Enzi's 2020 budget plan attempts to tame federal deficits

The Senate Budget Committee will take up Chairman Mike Enzi’s 2020 budget proposal this week, as lawmakers hunt for new ways to turn around a bleak U.S. fiscal picture that just saw the government post its worst monthly deficit ever.

February saw the government dip $234 billion deeper into the red, as government spending soared, powered by increased payouts at the Pentagon and in Social Security and Medicare.

Mr. Enzi’s new budget tries to tame Medicare, though he leaves Social Security untouched, and offers several options on whether to continue the surge in defense spending.

But his plan does ditch the gimmicks and rosy economic assumptions that plagued President Trump’s budget, submitted to Congress earlier this month.

Mr. Enzi, Wyoming Republican, called his plan a “responsible first step” to begin to tame deficits, which are projected to top $1 trillion a year for most of the next decade. Mr. Enzi says if Congressfollows his blueprint, those deficits will at least be below that mark.

“It supports reasonable reforms to mandatory spending programs and works to improve efficiency and accountability for how taxpayer dollars are spent, ensuring that government programs deliver results,” the senator said.

His committee is scheduled to consider the proposal Wednesday and Thursday this week.

With control of the House and Senate split between Democrats and Republicans, it’s all but certain that the full Congress will not pass a non-binding 2020 budget resolution this year.

Mr. Trump’s own plan, released earlier this month, says the budget can be balanced over 15 years through a combination of steep cuts in domestic programs and projections of economic growth unparalleled in modern U.S. history.

Mr. Enzi is countering with a five-year budget, which he said includes “achievable” cuts and would keep the deficit below $1 trillion a year, falling from $903 billion next year to $748 billion in 2024.

The senator says his plan leaves open the possibility of hitting Mr. Trump’s $750 billion goal for defense spending, but only if Congress can agree to a deal to raise spending caps that likely also means a spike in domestic spending — which the president has opposed.

In addition to spending cuts, Mr. Enzi’s budget plan also calls for $176 billion in unspecified revenue increases over the next five years, about half of which could be used to shore up the federal highway trust fund.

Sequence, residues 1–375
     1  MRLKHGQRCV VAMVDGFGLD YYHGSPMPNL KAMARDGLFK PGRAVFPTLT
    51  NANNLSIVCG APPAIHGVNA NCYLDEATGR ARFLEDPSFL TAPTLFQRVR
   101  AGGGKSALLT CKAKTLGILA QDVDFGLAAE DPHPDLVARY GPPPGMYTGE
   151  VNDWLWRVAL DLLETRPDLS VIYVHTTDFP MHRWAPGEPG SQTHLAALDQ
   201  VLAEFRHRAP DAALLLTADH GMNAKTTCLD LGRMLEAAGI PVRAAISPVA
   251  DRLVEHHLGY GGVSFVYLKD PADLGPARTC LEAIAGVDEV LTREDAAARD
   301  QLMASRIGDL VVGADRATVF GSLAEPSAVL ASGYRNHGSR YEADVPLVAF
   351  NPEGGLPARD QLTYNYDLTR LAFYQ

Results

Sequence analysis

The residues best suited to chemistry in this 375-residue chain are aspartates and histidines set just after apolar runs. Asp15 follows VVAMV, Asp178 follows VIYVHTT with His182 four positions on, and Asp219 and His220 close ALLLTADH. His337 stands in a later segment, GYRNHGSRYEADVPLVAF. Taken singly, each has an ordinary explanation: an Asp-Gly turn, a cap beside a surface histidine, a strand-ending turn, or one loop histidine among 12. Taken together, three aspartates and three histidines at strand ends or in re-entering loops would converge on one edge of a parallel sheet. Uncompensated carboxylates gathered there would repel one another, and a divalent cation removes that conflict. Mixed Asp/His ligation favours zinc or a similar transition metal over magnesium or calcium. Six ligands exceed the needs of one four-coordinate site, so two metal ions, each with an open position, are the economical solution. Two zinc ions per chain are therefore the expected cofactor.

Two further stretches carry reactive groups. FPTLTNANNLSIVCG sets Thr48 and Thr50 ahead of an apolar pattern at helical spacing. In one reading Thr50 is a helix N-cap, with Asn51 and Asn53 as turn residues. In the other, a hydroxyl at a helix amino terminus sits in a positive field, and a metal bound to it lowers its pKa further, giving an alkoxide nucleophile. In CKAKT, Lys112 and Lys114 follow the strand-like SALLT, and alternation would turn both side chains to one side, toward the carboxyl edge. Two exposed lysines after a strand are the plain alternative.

The Committee for a Responsible Federal Budget, which advocates for a balanced approach to reducing federal deficits, applauded Mr. Enzi’s plan.

“Encouragingly, it calls for any deal to increase the spending caps to be fully offset,” said Maya MacGuineas, the group’s president. “As a first step, this is what a serious budget looks like.”

Democrats, who control the House, are struggling to write a budget, pulled between left-wing lawmakers who want the budget to spend big on tackling climate change and health care, and more moderate Democrats who say those policies are unrealistic.

A spokesman for House Budget Committee Chairman John A. Yarmuth, Kentucky Democrat, said the biggest budget issue Congress faces this year is the need to raise the spending caps.

“While Sen. Enzi’s budget signals support for an increase in defense spending to a total of $750 billion in 2020, it ignores the harsh cuts to non-defense programs that are at risk this year,” spokesman Sam Lau said.

With both sides in Congress talking about increases in their preferred areas of spending, budget analysts say the victim is likely to be the deficit.

February’s record number was fueled by Congress’s deals over the last two years to cut taxes, sapping revenue, even as lawmakers agreed to massive spending increases.

All told, the government took in just $167 billion and spent $401 billion last month, the Treasury Department reported Friday.

Five months into fiscal year 2019, the government is already running a cumulative $544 billion deficit.

“This is the structural deficit at work,” said Michael A. Peterson, CEO of the Peter G. Peterson Foundation, a budget advocacy group. “It’s the definition of unsustainable.”

Democrats have signaled they could try to make headway on the deficit by reversing parts of the $1.5 trillion tax cut law the GOP-led Congress approved in late 2017.

Yet they’re also pushing for proposals such as universal government-sponsored health care and the Green New Deal that would easily overtake any proposed tax increases.

By:  David Sherfinski and Stephen Dinan
Source: Washington Times